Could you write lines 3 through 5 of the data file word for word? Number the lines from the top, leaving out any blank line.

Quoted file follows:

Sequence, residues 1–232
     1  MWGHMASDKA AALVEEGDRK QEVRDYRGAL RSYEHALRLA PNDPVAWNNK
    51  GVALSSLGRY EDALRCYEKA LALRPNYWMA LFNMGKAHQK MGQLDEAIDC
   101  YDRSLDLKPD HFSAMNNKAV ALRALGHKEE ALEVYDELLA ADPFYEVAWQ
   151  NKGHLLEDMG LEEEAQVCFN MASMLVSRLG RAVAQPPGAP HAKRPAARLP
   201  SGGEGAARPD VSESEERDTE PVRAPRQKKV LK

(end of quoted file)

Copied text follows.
    51  GVALSSLGRY EDALRCYEKA LALRPNYWMA LFNMGKAHQK MGQLDEAIDC
   101  YDRSLDLKPD HFSAMNNKAV ALRALGHKEE ALEVYDELLA ADPFYEVAWQ
   151  NKGHLLEDMG LEEEAQVCFN MASMLVSRLG RAVAQPPGAP HAKRPAARLP